I recently had an interview where I was asked "how did you respond to harsh feedback from your boss?"
Problem is, I have never received negative feedback from a manager so I did not know what to say. I'm 5 years into my career as a developer and not once has any boss had a negative thing to say to me. I've learned to manage up.
In my family, whether my parents liked me was a function of my successes minus my failures, so since I was about 10 I have learned to be a people pleaser who has a laser focus on the objectives of whoever has power over me. I am also very good at hiding problems until they could be corrected.
It means I don't commit to anything I am not 100% sure I can do. However, as most needs can be anticipated, I can go figure out how to do it beforehand and when the boss asks, commit to it. The business analyst is also quite happy to give me a preview of what needs to be done in the upcoming sprint.
It also means that I build in time to react to unknowns. I have managed to be ahead of each sprint by about half a sprint (by discussing with the business analyst beforehand to ensure I am assigned certain stuff and using spare time for that and just not reporting it) just in case a task is sized improperly. I hope to always go into a sprint having at least one task done already.
I also pre-vet everything. If I am the one up for presenting stuff in the sprint review, I have a meeting with the project owner and the business analyst beforehand for my components. They always pass the public meeting as they were already signed off on by the person who does that.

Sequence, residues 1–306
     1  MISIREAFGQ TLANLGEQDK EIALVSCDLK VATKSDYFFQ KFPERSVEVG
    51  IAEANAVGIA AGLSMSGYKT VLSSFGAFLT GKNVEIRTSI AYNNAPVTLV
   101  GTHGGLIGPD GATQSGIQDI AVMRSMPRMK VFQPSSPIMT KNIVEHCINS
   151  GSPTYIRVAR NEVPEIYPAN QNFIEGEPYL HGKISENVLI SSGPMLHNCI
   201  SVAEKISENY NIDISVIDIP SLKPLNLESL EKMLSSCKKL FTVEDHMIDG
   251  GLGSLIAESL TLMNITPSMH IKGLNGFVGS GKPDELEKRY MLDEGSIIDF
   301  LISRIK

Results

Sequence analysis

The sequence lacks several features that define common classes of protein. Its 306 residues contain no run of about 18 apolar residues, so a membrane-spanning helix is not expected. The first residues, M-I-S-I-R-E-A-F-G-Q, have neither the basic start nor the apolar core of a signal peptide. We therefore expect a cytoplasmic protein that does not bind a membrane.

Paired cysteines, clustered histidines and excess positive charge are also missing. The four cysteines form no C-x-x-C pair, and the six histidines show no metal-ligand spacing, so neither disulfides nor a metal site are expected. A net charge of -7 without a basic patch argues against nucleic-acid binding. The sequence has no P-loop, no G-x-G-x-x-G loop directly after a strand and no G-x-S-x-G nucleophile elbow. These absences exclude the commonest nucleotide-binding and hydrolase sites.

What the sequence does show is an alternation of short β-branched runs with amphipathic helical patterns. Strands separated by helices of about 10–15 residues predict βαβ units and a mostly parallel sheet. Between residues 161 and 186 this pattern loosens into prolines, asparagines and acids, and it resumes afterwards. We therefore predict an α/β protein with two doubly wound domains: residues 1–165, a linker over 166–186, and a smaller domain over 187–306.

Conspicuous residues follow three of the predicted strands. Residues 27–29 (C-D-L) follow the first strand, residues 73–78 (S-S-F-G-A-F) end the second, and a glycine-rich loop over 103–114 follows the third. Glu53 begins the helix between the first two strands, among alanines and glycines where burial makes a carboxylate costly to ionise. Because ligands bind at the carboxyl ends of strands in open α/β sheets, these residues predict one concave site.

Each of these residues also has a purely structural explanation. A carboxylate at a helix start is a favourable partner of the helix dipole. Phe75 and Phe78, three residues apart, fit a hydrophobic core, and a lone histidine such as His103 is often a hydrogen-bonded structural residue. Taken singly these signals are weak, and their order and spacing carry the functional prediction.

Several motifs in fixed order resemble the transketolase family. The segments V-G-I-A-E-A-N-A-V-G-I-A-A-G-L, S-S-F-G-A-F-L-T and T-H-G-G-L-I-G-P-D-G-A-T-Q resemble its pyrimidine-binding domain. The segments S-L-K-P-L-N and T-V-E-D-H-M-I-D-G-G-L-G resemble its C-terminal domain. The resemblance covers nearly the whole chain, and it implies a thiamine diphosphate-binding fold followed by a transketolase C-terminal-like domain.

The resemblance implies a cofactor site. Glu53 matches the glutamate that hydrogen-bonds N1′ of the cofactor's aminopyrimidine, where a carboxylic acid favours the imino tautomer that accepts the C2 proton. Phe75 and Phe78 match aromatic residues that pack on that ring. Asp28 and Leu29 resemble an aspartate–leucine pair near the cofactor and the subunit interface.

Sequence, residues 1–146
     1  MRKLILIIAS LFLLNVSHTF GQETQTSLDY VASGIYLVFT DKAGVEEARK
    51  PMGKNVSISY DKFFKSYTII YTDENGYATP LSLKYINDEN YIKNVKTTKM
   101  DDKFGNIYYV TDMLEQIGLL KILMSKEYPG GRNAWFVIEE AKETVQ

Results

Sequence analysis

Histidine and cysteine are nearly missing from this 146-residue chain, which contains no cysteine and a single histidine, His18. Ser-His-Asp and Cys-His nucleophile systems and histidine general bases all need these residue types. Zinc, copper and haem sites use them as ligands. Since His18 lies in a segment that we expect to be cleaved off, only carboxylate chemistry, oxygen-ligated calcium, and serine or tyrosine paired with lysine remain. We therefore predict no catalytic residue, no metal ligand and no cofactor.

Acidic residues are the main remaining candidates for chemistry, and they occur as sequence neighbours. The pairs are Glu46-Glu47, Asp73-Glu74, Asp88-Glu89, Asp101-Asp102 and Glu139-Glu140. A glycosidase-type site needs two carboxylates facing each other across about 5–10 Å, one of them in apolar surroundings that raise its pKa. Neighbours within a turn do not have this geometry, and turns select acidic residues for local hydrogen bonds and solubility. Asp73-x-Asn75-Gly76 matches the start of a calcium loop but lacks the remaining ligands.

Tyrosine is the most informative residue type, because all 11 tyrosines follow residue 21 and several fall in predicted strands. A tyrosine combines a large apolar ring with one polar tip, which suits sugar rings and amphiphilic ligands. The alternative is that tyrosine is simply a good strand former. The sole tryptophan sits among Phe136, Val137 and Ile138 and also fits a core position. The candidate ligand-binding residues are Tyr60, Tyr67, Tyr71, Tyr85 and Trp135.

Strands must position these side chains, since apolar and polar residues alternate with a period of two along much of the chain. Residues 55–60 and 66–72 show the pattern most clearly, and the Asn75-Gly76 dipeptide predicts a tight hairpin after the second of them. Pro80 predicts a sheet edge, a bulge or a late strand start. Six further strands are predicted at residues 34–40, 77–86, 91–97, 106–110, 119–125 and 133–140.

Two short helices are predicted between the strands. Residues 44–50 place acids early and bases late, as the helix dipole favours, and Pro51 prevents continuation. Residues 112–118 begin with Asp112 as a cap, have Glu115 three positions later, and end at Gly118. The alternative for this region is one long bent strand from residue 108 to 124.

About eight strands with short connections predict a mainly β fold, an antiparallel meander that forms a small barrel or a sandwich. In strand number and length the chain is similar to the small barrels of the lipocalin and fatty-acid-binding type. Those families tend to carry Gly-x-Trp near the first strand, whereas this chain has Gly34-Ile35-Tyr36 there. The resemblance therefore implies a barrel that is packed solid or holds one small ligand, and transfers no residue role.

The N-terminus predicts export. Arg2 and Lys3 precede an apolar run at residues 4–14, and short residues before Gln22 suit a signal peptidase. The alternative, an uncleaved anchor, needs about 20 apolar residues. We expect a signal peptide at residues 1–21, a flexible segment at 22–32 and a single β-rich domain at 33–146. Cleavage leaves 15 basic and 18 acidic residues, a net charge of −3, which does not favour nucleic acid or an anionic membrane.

It hasn't happened in this job, but there was one case where I was behind as a sprint was ending. I just booked meetings through stand up for two days so I did not need to report and worked late to finish it.
This isn't meant as a humble brag. I fail at things. I just make sure to do it in such a way that my boss never learns about it. Failures may happen in virtual machines. Anyone not me can see it if it is a success.
If I have an idea which might fail or be interpreted as silly, I do it with a different executive or different department and don't let my boss know I am meeting with that person/group.
Same with speaking opportunities, external awards, conferences, etc. I funnel those through other managers. My boss might know on my LinkedIn if I won and otherwise, I read a book that weekend.
I couldn't come up with a good answer for the question because such an outcome would indicate a massive failure on my part. I think I would quit a job where I got any since that would mean I screwed up badly and I don't think that is a good answer. I also don't think explaining that I build information silos and pre-empt meetings with pre-meetings is a good answer.
I was told by the recruiter that they might try this question again. What should be my answer?